The figures show that most of us have realised there's no need to stick with the standard deals and help subsidise other people's cheap mortgages. We're piling into fixed-rate and discounted mortgages in droves: for example, 44 per cent of all loans taken out in the year to June 1997 were discounted.
The tricky part comes when your discounted or fixed-interest period ends. You'll then discover that in the small print on your mortgage contract it probably states that you have to pay standard variable mortgage rates for several years. To get out of this "lock-in" period will cost you a hefty sum.
Lenders force you to pay standard rates for a period in a bid to make more money from you. Many of the cheap loans around at the moment don't make much profit for lenders, so they have to take a long-term view and trap you at the end. This jump to standard mortgage repayments, which are higher at present, is being dubbed "payment shock" by people in the mortgage industry.
Going on to variable interest rates can come as a jolt to the finances. The CML reckons that the average borrower ending a fixed or discounted mortgage deal and starting to pay standard rates will be charged an extra 0.75 per cent, equivalent to pounds 28 a month on a pounds 50,000 mortgage. This doesn't sound crippling, but borrowers on standard rates also face uncertainty because of generally rising interest rates, over which they have no control. According to Moneyfacts, a mortgage and savings data company, the average standard mortgage rate rose from 7.23 per cent last January to 8.53 per cent in January 1998.
Then there's the continuing reduction in mortgage interest relief at source (Miras). This tax relief looks set to be abolished altogether, with some sort of announcement probable in next month's Budget. Paid on the first pounds 30,000 of your borrowing, Miras tax relief is already due to go down from 15 per cent to 10 per cent from April, increasing mortgage costs by an extra pounds 7 per month.
Almost half of the fixed-rate mortgages currently in force in the UK will come to an end by June this year, with another quarter finishing before June 1999. That's a lot of people who'll have to find more money - and for a long time. Independent mortgage specialist Lynn Foster, of Woodward Insurance & Mortgages, in Street, Somerset, says it's a common problem: "If you come off a 4.99 per cent fixed rate to an 8.4 per cent variable rate, that can mean a pounds 100 a month rise in mortgage payments."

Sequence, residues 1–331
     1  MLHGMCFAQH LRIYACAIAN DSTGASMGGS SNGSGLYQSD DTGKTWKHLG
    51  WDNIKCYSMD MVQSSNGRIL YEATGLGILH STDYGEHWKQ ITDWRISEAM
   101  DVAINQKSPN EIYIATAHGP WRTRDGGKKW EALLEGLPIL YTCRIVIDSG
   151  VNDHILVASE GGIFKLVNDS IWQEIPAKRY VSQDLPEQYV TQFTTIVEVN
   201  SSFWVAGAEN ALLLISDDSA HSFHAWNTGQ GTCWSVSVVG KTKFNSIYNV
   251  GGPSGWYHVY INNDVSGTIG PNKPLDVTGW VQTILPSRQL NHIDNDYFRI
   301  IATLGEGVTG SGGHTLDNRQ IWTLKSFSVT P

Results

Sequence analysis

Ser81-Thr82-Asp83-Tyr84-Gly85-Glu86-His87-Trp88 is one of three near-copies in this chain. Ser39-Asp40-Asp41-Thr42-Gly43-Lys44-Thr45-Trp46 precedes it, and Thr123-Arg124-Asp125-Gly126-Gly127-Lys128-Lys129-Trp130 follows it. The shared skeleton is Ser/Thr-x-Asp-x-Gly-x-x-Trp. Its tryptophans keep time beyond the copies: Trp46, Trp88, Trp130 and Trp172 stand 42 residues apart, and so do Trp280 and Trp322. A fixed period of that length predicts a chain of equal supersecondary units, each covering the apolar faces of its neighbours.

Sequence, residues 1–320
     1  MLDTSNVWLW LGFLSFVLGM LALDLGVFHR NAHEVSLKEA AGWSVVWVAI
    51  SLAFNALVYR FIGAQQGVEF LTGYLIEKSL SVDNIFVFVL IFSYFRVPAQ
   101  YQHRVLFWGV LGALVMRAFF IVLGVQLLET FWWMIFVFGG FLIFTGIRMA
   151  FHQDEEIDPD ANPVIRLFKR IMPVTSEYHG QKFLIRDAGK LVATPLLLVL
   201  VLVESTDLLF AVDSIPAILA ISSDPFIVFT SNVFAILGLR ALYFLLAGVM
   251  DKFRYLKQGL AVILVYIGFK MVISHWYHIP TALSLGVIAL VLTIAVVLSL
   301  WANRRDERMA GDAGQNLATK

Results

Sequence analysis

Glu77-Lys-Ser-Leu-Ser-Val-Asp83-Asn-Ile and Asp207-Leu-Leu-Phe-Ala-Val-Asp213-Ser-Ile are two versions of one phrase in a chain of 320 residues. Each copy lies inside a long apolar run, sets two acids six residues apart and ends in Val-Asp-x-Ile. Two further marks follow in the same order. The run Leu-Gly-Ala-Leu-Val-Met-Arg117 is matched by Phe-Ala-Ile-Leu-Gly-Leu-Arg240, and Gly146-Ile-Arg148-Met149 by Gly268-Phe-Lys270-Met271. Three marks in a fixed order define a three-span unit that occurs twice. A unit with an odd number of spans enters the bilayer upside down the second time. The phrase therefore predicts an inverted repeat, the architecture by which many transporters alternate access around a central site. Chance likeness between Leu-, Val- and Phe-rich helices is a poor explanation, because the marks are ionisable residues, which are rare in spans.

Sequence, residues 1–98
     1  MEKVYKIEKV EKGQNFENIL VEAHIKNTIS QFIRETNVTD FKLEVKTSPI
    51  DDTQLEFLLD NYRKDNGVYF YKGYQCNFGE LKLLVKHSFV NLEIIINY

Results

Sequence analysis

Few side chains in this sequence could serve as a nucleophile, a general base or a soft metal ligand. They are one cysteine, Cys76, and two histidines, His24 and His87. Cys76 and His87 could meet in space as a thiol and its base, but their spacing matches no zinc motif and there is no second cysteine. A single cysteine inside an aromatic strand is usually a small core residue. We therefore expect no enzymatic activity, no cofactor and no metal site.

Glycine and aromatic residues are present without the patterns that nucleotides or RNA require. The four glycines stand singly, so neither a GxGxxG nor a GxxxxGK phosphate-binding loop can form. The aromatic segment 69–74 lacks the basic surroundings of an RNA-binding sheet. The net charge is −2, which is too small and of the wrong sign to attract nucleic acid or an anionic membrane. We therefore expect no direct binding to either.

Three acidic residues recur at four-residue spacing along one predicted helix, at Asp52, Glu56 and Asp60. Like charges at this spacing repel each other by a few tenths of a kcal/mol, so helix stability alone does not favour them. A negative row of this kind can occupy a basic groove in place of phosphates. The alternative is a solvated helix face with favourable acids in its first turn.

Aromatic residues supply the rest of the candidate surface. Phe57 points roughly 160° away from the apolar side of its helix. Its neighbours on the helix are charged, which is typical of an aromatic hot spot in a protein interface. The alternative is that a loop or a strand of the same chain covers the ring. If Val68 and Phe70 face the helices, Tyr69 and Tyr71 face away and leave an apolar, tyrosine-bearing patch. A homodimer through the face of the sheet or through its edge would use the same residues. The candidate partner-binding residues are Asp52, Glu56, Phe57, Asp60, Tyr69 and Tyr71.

Northern Rock, the building society turned bank, took a lot of criticism a couple of years ago for its long lock-in periods and hefty penalties. Ms Foster says the Tyneside-based bank hasn't got any better. "Northern Rock offers a two-year deal at 4.49 per cent. It sounds good, but you have to have compulsory insurance, which is something borrowers should be very aware of as it's expensive. After the two years you are locked into standard rates for four years. If you redeem the mortgage (by moving to another lender) during the four years you have to pay a 5 per cent penalty - so you'd pay pounds 2,500 on a pounds 50,000 loan."
Getting involved in this sort of deal is ridiculous when you can seek out a fixed-rate or discount with no compulsory insurance and no penalty. This will mean you can go straight into another cheap deal. Ms Foster recommends deals on offer from Nationwide, Portman, Halifax, Skipton and C&G to her clients.
Note, however, that lenders have penalty-ridden deals on offer alongside better, more flexible offerings. For example, in April last year, Nationwide BS launched a range of fixed and discounted deals with no lock-in period, no compulsory insurances and the arrangement fee refunded. The current selection offers a two-year fix for 6.39 per cent if you can put down at least 10 per cent of the property value as a deposit. Compare that with Nationwide's standard two-year fixed deal, still on offer, which charges just 5.49 per cent but forces you to move on to standard rates for three years after the fix.Reuse content